Whole Earth Thinking And Planetary Coexistence

Author: Sam Mickey
Publisher: Routledge
ISBN: 1317497740
Size: 64.21 MB
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Like never before in history, humans are becoming increasingly interconnected with one another and with the other inhabitants and habitats of Earth. There are numerous signs of planetary interrelations, from social media and international trade to genetic engineering and global climate change. The scientific study of interrelations between organisms and environments, Ecology, is uniquely capable of addressing the complex challenges that characterize our era of planetary coexistence. Whole Earth Thinking and Planetary Coexistence focuses on newly emerging approaches to ecology that cross the disciplinary boundaries of sciences and humanities with the aim of responding to the challenges facing the current era of planetary interconnectedness. It introduces concepts that draw out a creative contrast between religious and secular approaches to the integration of sciences and humanities, with religious approaches represented by the "geologian" Thomas Berry and the whole Earth thinking of Stephanie Kaza and Gary Snyder, and the more secular approaches represented by the "geophilosophy" of poststructuralist theorists Gilles Deleuze and Félix Guattari. This book will introduce concepts engaging with the ecological challenges of planetary coexistence to students and professionals in fields of environmental studies, philosophy and religious studies.

Ecopolitical Homelessness

Author: Gerard Kuperus
Publisher: Routledge
ISBN: 1317232712
Size: 30.47 MB
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While our world is characterized by mobility, global interactions, and increasing knowledge, we are facing serious challenges regarding the knowledge of the places around us. We understand and navigate our surroundings by relying on advanced technologies. Yet, a truly knowledgeable relationship to the places where we live and visit is lacking. This book proposes that we are utterly lost and that the loss of a sense of place has contributed to different crises, such as the environmental crisis, the immigration crisis, and poverty. With a rising number of environmental, political, and economic displacements the topic of place becomes more and more relevant and philosophy has to take up this topic in more serious ways than it has done so far. To counteract this problem, the book provides suggestions for how to think differently, both about ourselves, our relationship to other people, and to the places around us. It ends with a suggestion of how to understand ourselves in an eco-political community, one of humans and other living beings as well as inanimate objects. This book will be of great interest to researchers and students of environmental ethics and philosophy as well as those interested in the environmental humanities more generally.

Nature Environment And Poetry

Author: Susanna Lidström
Publisher: Routledge
ISBN: 1317682858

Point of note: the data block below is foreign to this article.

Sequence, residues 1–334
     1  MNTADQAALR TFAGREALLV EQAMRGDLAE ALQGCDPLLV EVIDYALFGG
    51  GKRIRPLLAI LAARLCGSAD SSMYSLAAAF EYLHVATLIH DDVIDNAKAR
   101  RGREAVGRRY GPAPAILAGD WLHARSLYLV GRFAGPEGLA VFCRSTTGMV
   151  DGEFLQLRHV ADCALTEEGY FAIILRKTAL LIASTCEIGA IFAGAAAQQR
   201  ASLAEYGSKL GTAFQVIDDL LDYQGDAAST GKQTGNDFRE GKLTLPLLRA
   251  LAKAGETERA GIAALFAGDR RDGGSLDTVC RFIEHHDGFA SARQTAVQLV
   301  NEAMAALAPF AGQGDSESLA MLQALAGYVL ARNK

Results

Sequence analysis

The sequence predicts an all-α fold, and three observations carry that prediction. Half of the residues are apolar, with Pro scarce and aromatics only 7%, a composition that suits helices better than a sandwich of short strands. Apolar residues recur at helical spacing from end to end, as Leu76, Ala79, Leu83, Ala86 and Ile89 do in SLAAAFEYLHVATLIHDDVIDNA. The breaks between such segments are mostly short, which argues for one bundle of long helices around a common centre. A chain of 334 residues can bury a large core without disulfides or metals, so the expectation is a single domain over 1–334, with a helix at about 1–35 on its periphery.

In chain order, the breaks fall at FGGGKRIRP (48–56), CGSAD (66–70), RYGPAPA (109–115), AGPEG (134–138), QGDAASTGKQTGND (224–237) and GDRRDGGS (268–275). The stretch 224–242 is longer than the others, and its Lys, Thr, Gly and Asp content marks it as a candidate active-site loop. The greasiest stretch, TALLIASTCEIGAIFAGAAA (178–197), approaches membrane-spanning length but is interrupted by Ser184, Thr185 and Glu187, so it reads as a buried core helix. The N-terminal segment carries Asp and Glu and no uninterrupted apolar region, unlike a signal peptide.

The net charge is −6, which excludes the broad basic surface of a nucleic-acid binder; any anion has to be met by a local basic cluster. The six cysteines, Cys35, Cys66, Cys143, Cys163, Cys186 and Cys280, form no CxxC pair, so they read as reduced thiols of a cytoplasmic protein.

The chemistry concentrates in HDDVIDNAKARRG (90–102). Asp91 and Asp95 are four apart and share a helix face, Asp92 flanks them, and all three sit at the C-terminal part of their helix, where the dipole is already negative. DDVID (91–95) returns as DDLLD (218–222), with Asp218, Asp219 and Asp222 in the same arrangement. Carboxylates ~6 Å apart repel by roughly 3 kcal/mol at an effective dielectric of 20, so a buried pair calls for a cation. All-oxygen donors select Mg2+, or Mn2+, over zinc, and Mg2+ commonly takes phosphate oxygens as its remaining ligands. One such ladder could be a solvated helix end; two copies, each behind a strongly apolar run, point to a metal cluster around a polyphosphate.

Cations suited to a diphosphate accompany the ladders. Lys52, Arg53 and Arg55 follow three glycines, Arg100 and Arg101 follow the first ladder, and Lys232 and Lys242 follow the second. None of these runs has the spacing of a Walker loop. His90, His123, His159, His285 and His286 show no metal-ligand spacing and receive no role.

Size: 45.76 MB
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The environmental challenges facing humanity in the twenty-first century are not only acute and grave, they are also unprecedented in kind, complexity and scope. Nonetheless, or therefore, the political response to problems such as climate change, biodiversity loss and widespread pollution continues to fall short. To address these challenges it seems clear that we need new ways of thinking about the relationship between humans and nature, local and global, and past, present and future. One place to look for such new ideas is in poetry, designed to contain multiple levels of meaning at once, challenge the imagination, and evoke responses that are based on something more than scientific consensus and rationale. This ecocritical book traces the environmental sensibilities of two Anglophone poets; Nobel Prize-winner Seamus Heaney (1939-2013), and British Poet Laureate Ted Hughes (1930-1998). Drawing on recent and multifarious developments in ecocritical theory, it examines how Hughes's and Heaney's respective poetics interact with late twentieth century developments in environmental thought, focusing in particular on ideas about ecology and environment in relation to religion, time, technology, colonialism, semiotics, and globalisation. This book is aimed at students of literature and environment, the relationship between poetry and environmental humanities, and the poetry of Ted Hughes or Seamus Heaney

Endangerment Biodiversity And Culture

Author: Fernando Vidal
Publisher: Routledge
ISBN: 1317538080
Size: 41.40 MB
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The notion of Endangerment stands at the heart of a network of concepts, values and practices dealing with objects and beings considered threatened by extinction, and with the procedures aimed at preserving them. Usually animated by a sense of urgency and citizenship, identifying endangered entities involves evaluating an impending threat and opens the way for preservation strategies. Endangerment, Biodiversity and Culture looks at some of the fundamental ways in which this process involves science, but also more than science: not only data and knowledge and institutions, but also affects and values. Focusing on an "endangerment sensibility," it encapsulates tensions between the normative and the utilitarian, the natural and the cultural. The chapters situate that specifically modern sensibility in historical perspective, and examine central aspects of its recent and present forms. This timely volume offers the most cutting-edge insights into the Environmental Humanities for researchers working in Environmental Studies, History, Anthropology, Sociology and Science and Technology Studies.